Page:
Thursday, January 04, 2007

Subway Hero

I suppose everyone has heard the story of Wesley Autrey's heroic act by now. And I certainly have no intention of arguing that Autrey was anything other than heroic when he rescued Cameron Hollopeter from the oncoming train.


If you ever come across a person having a seizure, you don't stick anything in their mouths. Never, never, never. This is something that my daughter lives in fear of, that some helpful soul will come across her while she is defenseless and stuff a spoon in her mouth. Stuffing a pen in the mouth is equally Not the Right Thing to Do. If you don't believe me, believe the Epilepsy Foundation.

So, what should you do? It's easy, and you don't need to be particularly heroic:

  • Move anything dangerous out of the way.
  • If the person is in a dangerous place, like the middle of the road or the edge of a subway station or face down in a puddle, move the person having the seizure out of the way of harm, just like you would for anyone else you find in a dangerous place.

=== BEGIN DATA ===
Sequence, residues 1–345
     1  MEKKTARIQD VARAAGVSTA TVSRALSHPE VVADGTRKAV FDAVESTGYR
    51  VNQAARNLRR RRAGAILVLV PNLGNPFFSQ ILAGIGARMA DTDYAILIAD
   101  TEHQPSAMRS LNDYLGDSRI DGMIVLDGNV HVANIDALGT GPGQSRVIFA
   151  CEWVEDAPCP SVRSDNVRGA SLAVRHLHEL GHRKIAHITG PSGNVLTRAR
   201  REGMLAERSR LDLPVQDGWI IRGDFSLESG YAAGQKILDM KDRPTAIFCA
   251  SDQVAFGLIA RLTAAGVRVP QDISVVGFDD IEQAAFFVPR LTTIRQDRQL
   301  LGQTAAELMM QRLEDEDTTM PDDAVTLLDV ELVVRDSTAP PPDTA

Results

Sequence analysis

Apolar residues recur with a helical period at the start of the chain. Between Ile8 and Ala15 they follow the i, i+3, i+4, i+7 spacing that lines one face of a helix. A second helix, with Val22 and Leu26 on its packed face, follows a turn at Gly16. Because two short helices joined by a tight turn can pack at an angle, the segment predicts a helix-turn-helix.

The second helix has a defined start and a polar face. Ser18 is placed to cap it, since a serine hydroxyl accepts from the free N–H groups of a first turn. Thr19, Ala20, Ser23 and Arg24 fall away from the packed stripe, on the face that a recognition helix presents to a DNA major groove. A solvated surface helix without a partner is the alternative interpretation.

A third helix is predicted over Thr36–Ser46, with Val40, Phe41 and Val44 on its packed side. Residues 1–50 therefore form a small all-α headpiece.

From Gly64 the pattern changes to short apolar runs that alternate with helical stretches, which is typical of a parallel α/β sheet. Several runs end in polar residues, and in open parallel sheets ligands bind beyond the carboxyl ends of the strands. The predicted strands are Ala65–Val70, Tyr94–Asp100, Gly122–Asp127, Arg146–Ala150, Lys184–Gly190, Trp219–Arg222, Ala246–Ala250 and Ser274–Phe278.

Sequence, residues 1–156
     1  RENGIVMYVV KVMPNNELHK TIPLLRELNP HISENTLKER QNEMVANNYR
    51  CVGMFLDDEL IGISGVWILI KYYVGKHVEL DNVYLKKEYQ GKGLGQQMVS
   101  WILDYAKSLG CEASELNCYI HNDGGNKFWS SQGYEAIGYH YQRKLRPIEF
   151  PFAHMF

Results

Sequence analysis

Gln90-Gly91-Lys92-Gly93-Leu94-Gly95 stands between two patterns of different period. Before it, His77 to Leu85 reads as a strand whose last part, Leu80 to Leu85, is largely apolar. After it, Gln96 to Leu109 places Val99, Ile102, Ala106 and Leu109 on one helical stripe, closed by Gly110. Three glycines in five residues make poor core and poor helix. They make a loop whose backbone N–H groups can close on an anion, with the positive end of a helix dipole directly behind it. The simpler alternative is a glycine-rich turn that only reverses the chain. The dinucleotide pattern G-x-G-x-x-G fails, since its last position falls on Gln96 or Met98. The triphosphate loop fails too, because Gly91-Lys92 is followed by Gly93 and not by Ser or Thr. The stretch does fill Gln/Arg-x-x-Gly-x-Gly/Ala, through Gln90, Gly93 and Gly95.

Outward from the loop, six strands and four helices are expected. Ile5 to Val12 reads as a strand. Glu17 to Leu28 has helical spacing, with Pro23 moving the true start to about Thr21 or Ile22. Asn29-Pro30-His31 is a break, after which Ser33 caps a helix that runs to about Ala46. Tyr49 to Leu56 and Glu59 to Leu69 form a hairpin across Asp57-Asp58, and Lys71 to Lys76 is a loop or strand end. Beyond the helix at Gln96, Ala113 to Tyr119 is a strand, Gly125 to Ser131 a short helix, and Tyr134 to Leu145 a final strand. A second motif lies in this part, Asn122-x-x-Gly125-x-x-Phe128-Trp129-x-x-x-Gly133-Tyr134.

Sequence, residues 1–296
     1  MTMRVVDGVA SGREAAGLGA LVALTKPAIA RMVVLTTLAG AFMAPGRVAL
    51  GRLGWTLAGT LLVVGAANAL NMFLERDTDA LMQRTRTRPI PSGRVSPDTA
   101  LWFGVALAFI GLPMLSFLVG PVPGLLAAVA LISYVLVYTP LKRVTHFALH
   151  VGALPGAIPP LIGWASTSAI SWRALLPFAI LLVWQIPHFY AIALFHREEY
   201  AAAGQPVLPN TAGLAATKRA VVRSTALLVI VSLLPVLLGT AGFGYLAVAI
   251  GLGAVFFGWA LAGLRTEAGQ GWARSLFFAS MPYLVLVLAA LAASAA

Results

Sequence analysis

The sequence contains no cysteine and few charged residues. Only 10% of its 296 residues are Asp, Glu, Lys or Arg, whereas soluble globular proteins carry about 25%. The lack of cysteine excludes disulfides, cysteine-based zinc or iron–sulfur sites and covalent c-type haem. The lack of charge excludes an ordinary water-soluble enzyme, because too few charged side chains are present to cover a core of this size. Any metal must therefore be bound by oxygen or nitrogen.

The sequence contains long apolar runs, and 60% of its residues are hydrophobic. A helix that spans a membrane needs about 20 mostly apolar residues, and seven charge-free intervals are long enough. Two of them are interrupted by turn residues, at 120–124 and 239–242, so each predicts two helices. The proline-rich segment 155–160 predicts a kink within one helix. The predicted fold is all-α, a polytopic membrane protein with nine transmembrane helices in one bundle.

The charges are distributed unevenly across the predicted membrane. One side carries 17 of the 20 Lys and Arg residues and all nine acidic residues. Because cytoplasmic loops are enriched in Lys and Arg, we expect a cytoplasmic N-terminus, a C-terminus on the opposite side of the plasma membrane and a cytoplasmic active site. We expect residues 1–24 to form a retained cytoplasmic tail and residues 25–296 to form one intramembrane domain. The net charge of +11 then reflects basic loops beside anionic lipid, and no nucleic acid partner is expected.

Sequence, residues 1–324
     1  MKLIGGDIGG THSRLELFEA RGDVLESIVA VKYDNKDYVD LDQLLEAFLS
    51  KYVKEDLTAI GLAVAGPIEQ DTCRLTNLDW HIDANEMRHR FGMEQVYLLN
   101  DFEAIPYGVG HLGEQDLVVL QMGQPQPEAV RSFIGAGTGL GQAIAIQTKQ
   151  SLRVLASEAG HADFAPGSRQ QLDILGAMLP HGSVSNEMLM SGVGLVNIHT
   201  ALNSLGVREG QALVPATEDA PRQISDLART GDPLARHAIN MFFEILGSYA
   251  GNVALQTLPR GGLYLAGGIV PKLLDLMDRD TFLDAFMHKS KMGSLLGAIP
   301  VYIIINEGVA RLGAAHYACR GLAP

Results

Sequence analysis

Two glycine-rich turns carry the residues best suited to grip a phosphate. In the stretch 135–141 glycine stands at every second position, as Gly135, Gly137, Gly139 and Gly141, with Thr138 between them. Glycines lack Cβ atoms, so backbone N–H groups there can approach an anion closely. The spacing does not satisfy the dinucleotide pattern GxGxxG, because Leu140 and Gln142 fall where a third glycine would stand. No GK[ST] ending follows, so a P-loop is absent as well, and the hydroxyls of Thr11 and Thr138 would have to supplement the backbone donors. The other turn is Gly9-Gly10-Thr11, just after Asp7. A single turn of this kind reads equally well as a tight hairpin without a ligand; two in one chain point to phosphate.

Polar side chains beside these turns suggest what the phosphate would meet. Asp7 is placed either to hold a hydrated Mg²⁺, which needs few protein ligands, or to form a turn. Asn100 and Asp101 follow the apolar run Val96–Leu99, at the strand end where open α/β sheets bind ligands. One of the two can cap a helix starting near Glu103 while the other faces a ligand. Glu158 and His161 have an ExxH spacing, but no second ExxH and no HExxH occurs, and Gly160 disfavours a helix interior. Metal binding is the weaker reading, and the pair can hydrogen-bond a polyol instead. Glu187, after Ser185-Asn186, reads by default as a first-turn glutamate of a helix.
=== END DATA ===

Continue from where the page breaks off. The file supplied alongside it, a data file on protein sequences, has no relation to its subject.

• Wait with the person to keep panicky sorts of helpers from stuffing things in their mouth or doing CPR or other inappropriate things.
  • Do not restrain the person having the seizure.

  • Seizures generally don't last more than five minutes or so, but afterwards, the person who had the seizure will likely be tired and maybe a bit fuzzy. Ask them if they would like a chair, a drink, a bite to eat. Ask if they would like you to stay with them for a bit. At this point, they will be able to tell you what they need. Believe them when they say they're OK.

    Now, isn't that easy?


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